Published January 11, 2024
A few posts ago, I read the Percy Jackson and the Olympians series again and timed how long I took to read each one. By reading 4 of them on my computer and 1 in physical form, I accidentally ran an experiment comparing my reading speed on screens vs. on paper (results here).
Today I have some more results, this time regarding the nu-age speed-reading technique called "Bionic Reading". I have read the first two books of the next Olympians series by Rick Riordan, one with Bionic Reading and one without.
Looking at the graphs of my reading speed from the previous post, I find it amazing how close the reading speeds are for each book. While I think I read at a fairly consistent rate, Rick Riordan must also target a word count, and the vocab level must be held consistent across each one. To me, this ability to write series of books around the same character or universe with an audience that stays invested seems like a staple of young-adult / teenage fiction. Or maybe just for entertainment novels? I'm thinking of
Anyway, this consistency is great for us. It means we can treat each book as approximately the same as any other one, then use them to compare different reading techniques!
Bionic Reading is this cool hip new technique where the first half of each word in a text is bolded. Since we read text in saccades, the inventor(s) believe that bolding the first, anchor part of a word would help people read text faster by allowing the eye to lock onto the next word more quickly.
As far as I can remember, this was marketed to me as a way of reading better suited for ADHD / neuro-diverse people, a sort of salesman's trick like Irlen filters that supposedly speeds up reading rates in return for money (backed by science!).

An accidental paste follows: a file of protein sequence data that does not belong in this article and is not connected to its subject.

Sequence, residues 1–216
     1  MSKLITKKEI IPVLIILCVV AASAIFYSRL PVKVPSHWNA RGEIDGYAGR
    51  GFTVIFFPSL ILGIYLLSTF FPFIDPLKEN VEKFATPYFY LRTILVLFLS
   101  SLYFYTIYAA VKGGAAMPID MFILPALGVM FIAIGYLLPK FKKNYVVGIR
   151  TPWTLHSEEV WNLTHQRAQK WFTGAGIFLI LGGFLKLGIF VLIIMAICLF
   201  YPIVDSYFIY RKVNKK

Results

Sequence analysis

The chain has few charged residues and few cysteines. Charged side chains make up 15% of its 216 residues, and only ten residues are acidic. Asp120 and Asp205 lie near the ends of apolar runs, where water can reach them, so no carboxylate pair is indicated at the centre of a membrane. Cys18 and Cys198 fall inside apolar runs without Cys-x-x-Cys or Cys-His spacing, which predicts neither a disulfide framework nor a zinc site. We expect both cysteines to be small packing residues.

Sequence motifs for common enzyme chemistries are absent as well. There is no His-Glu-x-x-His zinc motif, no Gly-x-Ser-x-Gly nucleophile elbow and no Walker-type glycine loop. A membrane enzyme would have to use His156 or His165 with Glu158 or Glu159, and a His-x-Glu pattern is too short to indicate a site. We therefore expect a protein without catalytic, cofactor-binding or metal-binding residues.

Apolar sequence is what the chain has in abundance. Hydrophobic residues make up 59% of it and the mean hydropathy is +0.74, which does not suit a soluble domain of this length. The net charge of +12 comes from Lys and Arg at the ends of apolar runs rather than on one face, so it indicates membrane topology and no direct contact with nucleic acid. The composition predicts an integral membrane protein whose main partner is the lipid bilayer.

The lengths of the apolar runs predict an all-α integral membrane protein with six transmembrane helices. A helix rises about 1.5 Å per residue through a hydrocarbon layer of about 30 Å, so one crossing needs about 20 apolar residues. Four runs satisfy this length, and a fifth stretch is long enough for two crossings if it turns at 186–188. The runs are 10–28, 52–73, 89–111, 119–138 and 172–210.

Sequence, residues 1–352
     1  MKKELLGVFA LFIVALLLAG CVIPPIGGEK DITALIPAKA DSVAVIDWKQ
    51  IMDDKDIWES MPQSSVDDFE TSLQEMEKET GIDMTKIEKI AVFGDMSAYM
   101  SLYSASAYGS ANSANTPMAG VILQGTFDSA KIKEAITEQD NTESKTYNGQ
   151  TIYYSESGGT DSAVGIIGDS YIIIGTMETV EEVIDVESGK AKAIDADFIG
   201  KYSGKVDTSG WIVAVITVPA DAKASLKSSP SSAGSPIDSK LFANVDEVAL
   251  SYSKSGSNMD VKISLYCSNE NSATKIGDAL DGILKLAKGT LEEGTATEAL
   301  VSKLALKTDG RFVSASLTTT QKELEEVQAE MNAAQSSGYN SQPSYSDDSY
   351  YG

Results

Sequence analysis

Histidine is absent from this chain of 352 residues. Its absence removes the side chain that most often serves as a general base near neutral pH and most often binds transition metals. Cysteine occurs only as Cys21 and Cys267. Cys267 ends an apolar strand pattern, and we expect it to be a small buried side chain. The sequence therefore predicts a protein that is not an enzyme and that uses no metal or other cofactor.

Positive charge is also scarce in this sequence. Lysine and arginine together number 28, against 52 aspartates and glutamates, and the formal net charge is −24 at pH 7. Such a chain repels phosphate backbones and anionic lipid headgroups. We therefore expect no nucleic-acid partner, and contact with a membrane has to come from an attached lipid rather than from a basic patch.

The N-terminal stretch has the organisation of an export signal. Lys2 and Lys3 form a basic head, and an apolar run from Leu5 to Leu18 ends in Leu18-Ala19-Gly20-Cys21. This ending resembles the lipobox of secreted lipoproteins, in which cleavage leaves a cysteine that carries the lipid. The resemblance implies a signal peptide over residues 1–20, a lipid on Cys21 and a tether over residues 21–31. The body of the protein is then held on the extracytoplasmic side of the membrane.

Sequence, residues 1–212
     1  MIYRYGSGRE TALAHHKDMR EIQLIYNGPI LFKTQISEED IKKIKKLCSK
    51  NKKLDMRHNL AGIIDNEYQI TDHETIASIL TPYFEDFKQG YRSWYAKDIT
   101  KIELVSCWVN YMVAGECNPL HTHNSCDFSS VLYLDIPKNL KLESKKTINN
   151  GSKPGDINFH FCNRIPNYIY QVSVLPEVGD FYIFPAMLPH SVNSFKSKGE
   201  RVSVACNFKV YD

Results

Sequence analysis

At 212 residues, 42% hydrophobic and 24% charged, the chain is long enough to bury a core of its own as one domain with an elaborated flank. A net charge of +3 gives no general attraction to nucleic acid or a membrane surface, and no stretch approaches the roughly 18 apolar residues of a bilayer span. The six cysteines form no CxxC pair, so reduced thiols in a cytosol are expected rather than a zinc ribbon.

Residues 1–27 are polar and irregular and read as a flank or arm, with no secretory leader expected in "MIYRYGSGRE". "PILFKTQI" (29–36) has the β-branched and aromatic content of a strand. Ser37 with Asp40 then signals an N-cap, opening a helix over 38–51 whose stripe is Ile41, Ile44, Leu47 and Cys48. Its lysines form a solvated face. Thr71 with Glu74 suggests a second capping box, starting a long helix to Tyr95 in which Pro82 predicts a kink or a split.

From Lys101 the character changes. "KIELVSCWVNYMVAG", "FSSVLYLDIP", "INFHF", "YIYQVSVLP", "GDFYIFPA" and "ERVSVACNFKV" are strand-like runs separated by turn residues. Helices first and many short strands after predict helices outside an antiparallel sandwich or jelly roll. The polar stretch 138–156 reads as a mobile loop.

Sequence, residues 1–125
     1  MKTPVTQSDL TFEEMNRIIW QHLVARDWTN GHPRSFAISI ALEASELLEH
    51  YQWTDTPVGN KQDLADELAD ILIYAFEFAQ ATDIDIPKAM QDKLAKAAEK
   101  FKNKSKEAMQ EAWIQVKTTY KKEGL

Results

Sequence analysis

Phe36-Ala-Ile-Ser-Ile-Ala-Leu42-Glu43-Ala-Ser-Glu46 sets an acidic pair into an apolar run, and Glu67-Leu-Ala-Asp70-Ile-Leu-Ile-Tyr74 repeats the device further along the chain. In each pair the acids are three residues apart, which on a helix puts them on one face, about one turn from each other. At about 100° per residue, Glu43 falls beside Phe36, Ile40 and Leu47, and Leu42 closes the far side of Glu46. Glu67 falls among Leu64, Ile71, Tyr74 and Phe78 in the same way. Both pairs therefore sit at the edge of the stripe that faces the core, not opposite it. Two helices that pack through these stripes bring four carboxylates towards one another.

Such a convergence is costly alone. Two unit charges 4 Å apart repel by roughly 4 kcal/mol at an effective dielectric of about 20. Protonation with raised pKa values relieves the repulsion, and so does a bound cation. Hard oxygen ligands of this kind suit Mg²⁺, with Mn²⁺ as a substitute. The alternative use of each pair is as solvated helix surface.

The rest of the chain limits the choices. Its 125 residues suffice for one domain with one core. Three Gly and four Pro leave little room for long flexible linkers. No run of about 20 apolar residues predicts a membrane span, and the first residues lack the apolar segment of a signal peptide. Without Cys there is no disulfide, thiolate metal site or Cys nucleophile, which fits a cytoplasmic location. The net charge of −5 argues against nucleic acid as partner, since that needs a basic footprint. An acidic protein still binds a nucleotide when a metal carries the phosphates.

But whatever, I love running experiments, especially tiny ones.
Rick Riordan's 2nd Greco-Roman fantasy series is also 5 books long, features characters from the first series, and has similar average length (~120k words/book vs. ~85k). The first book I read normally, as a book file converted to HTML. Here is what it looks like:
The second book I read using a Chrome extension called JiffyReader, which bolds the first half of each word in the text, making it "Bionified". Here's what it looks like now:
My process was a bit convoluted because the real Bionic Reader converter 1) costs money and 2) doesn't preserve the format, which definitely affects reading speed.
Here are my reading speeds for the first two books. The left is read normally, the right is read with Bionic text. Yada yada small sample size, can't draw statistically whatever conclusions, etc.
Bionic Reading felt the same to me as normal reading after 10 pages, I did not feel less eye fatigue, nor did I read faster subjectively or objectively. I'm pretty sure this is a gimmick.
Also the website is awful (I'm not strawmanning, it's unrelated), check it out: